Are Our Communities Really Inclusive for People with a Disability?

What is inclusion?

Inclusion is the process whereby every person who wishes to (irrespective of their age, disability, gender, religion, sexual preference or nationality), can access and participate fully in all aspects of an activity or service in the same way as any other member of the community.

Unfortunately, inclusion is often confused with integration especially in the life of a person with a disability.  Integration is effectively the physical presence of a person with a disability. Examples of this can be seen with specialized classes in an educational setting or segregated group activities where only people with a disability are participating in the group.

True inclusion is including people with disabilities in everyday activities and encouraging them to have roles similar to their peers who do not have a disability. This involves more than simply encouraging people; it requires making sure that adequate policies and practices are in effect in a community or organization.

Inclusion should lead to increased participation in socially expected life roles and activities – such as being a student, worker, friend, community members, patient, partner or parent. Socially expected activities may also include engaging in social activities, using public resources such as transportation and libraries, moving about within communities, receiving adequate health care, having relationships and enjoying day-to-day activities.

The rollout of the National Disability Insurance Scheme (NDIS) has heightened interest in issues facing people with disability, their families, and carers.

The National Disability Insurance Scheme (NDIS) principles recognize that people with disability have the right:

·to realize potential for physical, social, emotional and intellectual development

·to participate in and contribute to social and economic life to the extent of their ability

·to exercise choice, including reasonable risks in the pursuit of their goals

An inclusive community:

  • Does everything that it can to respect all its citizens, gives them full access to resources, and promotes equal treatment and opportunity.
  • Works to eliminate all forms of discrimination.
  • Engages all its citizens in decision-making processes that affect their lives.
  • Values diversity.
  • Responds quickly to racist and other discriminating incidents.

So what should Community Members Do to Encourage Inclusion?

Realize that People with Disabilities are Humans Too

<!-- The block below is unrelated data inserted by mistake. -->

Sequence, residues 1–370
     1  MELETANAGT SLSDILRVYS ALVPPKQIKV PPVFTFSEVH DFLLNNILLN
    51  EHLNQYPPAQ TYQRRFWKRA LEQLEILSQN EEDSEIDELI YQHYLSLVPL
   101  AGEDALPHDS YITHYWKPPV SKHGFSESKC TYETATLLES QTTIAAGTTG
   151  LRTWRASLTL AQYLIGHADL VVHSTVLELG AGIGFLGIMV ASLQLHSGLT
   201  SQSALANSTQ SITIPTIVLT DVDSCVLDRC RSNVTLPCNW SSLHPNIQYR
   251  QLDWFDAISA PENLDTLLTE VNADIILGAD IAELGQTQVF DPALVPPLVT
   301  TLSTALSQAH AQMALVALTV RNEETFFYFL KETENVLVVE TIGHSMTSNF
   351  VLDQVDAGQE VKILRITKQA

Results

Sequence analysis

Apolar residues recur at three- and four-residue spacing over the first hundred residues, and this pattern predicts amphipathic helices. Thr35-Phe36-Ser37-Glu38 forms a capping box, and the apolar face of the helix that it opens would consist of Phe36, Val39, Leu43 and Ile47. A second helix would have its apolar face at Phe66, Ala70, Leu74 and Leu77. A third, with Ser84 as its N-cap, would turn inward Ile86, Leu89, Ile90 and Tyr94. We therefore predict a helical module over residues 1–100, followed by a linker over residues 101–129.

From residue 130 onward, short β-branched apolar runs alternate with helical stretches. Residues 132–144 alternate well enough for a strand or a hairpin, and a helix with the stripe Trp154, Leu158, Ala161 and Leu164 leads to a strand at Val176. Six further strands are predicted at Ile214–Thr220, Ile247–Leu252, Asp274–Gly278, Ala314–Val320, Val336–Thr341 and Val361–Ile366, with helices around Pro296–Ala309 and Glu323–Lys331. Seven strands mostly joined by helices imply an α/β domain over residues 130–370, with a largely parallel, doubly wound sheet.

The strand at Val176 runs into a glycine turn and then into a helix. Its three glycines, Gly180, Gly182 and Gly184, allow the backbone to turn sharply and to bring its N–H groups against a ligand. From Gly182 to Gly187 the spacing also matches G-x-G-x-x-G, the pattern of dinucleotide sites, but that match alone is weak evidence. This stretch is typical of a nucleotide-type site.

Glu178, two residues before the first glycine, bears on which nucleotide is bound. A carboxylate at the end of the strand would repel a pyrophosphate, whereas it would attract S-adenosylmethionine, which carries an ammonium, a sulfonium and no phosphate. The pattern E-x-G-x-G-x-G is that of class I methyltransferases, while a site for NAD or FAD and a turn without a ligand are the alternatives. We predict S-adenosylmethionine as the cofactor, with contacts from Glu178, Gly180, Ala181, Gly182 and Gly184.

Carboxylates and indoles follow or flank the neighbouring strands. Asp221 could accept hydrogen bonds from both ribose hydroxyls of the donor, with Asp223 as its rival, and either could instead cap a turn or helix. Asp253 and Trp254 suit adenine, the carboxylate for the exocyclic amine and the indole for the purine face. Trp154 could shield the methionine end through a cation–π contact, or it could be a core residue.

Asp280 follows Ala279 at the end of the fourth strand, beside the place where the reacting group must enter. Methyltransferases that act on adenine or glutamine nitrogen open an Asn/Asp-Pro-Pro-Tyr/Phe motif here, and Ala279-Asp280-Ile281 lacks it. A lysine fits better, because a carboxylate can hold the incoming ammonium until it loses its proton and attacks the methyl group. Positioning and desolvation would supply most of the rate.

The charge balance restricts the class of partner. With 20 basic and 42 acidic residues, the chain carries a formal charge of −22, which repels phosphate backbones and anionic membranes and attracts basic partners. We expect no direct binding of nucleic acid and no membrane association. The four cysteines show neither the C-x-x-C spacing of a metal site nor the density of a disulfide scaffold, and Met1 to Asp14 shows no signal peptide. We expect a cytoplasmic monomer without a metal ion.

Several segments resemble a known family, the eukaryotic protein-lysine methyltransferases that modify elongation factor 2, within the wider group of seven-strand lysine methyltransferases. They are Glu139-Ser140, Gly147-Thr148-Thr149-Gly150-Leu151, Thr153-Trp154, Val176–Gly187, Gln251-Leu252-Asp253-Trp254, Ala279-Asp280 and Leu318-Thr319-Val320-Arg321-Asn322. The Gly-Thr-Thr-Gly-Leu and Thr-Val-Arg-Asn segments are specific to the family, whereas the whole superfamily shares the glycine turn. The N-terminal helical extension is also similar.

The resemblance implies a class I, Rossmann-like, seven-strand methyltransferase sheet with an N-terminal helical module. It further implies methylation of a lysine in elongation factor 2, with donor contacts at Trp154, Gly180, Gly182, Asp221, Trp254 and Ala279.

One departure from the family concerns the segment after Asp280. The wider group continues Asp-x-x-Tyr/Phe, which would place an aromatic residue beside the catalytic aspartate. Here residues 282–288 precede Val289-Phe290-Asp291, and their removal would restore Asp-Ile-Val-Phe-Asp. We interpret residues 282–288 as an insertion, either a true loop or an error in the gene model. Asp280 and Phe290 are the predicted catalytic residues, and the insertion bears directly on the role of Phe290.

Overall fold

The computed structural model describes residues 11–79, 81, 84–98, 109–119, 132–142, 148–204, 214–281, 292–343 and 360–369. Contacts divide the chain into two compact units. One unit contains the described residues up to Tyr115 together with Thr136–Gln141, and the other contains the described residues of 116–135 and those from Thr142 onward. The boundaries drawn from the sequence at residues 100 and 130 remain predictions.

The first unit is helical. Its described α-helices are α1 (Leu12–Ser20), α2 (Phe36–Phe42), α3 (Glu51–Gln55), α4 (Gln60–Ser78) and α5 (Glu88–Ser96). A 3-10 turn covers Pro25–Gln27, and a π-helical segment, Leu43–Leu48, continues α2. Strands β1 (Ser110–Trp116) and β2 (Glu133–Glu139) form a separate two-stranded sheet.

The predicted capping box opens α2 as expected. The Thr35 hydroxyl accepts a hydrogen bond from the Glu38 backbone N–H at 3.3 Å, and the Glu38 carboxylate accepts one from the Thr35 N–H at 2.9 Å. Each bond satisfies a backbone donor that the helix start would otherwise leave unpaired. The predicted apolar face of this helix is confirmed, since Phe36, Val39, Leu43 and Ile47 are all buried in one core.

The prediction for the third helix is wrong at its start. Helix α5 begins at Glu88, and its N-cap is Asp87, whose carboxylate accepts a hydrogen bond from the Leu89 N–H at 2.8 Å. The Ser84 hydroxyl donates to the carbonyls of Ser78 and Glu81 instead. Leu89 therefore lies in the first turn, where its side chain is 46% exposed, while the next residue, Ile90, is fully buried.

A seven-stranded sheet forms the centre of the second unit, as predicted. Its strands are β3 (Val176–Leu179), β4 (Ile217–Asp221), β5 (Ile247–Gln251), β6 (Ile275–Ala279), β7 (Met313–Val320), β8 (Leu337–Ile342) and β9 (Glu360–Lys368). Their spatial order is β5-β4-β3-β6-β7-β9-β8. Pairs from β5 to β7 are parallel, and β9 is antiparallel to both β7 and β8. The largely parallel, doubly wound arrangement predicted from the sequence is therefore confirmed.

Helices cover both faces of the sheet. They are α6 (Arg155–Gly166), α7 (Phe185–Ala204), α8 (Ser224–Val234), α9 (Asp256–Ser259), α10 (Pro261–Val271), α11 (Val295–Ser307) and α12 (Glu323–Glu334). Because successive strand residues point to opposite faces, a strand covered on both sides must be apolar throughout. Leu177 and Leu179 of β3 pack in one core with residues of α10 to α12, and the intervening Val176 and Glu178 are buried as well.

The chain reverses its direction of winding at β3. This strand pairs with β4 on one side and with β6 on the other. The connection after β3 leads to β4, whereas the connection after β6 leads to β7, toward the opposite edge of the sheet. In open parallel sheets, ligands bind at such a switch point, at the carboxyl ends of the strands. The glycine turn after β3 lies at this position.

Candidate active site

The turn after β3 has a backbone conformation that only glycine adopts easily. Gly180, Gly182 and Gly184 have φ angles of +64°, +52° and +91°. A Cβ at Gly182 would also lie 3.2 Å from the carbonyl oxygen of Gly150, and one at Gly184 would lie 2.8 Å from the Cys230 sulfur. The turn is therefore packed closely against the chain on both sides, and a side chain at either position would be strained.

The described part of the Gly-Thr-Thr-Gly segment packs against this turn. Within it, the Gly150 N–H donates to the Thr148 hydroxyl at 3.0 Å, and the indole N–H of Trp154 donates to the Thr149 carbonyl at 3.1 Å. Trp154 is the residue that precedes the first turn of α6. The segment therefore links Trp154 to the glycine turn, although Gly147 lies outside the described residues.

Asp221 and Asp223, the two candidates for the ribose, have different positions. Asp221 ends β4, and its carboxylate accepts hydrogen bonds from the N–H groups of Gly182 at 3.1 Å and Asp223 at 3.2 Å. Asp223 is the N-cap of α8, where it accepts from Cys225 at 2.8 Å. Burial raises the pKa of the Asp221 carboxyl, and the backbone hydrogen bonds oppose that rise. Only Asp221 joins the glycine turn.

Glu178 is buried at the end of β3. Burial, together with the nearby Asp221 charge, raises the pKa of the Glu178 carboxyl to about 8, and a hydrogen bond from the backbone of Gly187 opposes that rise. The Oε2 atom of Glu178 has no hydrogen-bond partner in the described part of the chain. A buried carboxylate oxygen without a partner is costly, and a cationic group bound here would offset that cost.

Sometimes people can forget that a person with a disability is first and foremost a human being with desires, talents, skills, heartache, and loss, just like everyone else. At the basis of every person are the similarities we all share for being human, and that includes people with disabilities.

View the Disability Community as a Valuable Consumer
It’s still progressive to see the disability community as a targeted audience and consumer. The disability sector is the most underrepresented when it comes to marketing products While part of this stems from the fact that there is a great deal of diversity within the disability community, those consumer segments (and their families) still have significant purchasing power. We’re slowly seeing models with disabilities incorporated in fashion and marketing commercials, but this needs to become the norm, and not seen as future-forward thinking.

Employ People with Disabilities — Encourage ambition and the desire to work
The disability community is still discriminated against at work from being refused a job or denied a final interview. But when it comes down to it, employers need to see a person, including his/her disability, as an asset and not a potential liability. Local Councils and Government need to lead the way in this field by truly demonstrating their commitment to their policies on equal employment opportunities and showcasing how successful and valuable people with a disability are in the workplace.

Promote Social Inclusion in Schools
Our overall cultural consciousness on how we treat and interact with a disability needs to change, beginning in elementary schools. We need to celebrate our peers for their differences. If this is taught at a young age, less discrimination and more social inclusion will occur. Having kids with and without disabilities learning side-by-side helps everybody appreciate the talents and gifts all kids bring with them.

Improve Disability Access

The barriers to the full participation of disabled people in society are nowhere clearer than in the built environment. The step, heavy door at the entrance to buildings, the lack of color contrasting on busy thoroughfares, the high positioning of lift buttons, door handles, toilet roll holders and shop counters all act as barriers to people with disabilities.

The provision of equal access enhances everyone’s capacity to participate fully in community life, regardless of their physical or mental capabilities. People with a disability and other people with access limitations have the same fundamental rights as all members of the community, as articulated by the following principles:

  • People with a disability should not be defined by their disability.
  • People with a disability have a right to equal access to facilities, services, programs, activities, information, and employment in order to fully participate in the community and have equal opportunity to fulfill their individual potential.
  • Changes to the physical and social environment that improve access and equity to assist people with a disability and enhance their participation in the community, and also benefit the wider community.

People with a disability should not be prohibited from participating in their chosen recreational, social or vocational activities because of architectural or attitudinal barriers.